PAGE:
Poetry: ‘Holding On’

Graphic Joey Bruce

I never let my guard down. 

I did as I was told.

I did for others.

I did what I knew was right.


But the mist slowly crept in, perhaps without notice.

The deck grew slippery.

It took effort to stay upright—effort I provided,



Then something pushed me overboard.

Without warning. Where was the warning? 

It had sounded, but I was deaf. 

They came as a shock—the sudden cold, the icy waters. 


I fought. First in disbelief, then for survival,

But to no avail. I needed to succumb. 

But succumb to what? My undoing?



The cold numbed me, providing a reprieve.

I held on to an ice floe, resting.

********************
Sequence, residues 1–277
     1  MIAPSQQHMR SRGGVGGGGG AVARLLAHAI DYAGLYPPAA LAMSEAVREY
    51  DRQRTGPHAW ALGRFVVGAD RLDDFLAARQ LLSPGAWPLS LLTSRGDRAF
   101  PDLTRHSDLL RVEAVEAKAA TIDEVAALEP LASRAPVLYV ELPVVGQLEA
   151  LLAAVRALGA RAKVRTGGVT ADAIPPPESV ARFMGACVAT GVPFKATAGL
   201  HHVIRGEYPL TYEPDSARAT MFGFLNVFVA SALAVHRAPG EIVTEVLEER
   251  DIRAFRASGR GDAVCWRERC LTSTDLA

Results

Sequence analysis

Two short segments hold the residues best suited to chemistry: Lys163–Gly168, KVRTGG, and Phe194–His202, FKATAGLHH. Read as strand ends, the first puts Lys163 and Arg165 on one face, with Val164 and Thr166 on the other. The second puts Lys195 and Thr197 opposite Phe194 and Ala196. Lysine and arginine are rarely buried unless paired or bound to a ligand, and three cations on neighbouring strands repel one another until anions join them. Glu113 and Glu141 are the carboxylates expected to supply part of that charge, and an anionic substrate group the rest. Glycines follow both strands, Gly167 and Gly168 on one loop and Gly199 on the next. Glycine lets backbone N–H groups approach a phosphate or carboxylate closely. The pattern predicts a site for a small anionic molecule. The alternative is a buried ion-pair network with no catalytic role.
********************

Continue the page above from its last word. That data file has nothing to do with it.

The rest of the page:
Time to think, to adjust, to breathe.

But the heat of my body melted it away. 

My own body, working against me. 


Now what?

Fight, flail, yell, only to expend valuable energy. 

Ice floe after ice floe.

A pattern. 


Strength and weakness.


I see land—a distance seemingly impossible.

My mind is powerful. 

It remembers the weakness. 

Tricks me into believing I can’t. 


Ice floe after ice floe. 

Strength and weakness. 


But is it a trick? Perhaps it's just my reality. 

I float on my back, taking in the blue above. 

I can rest this way. 

My body won’t fail me now. 


My reality. Strength and weakness. 

And acceptance. 

Stop the fight. 

I fill the ocean with my tears. 


Read more: Poetry: ‘Edges, Lows’

Read more: Poetry: ‘Family’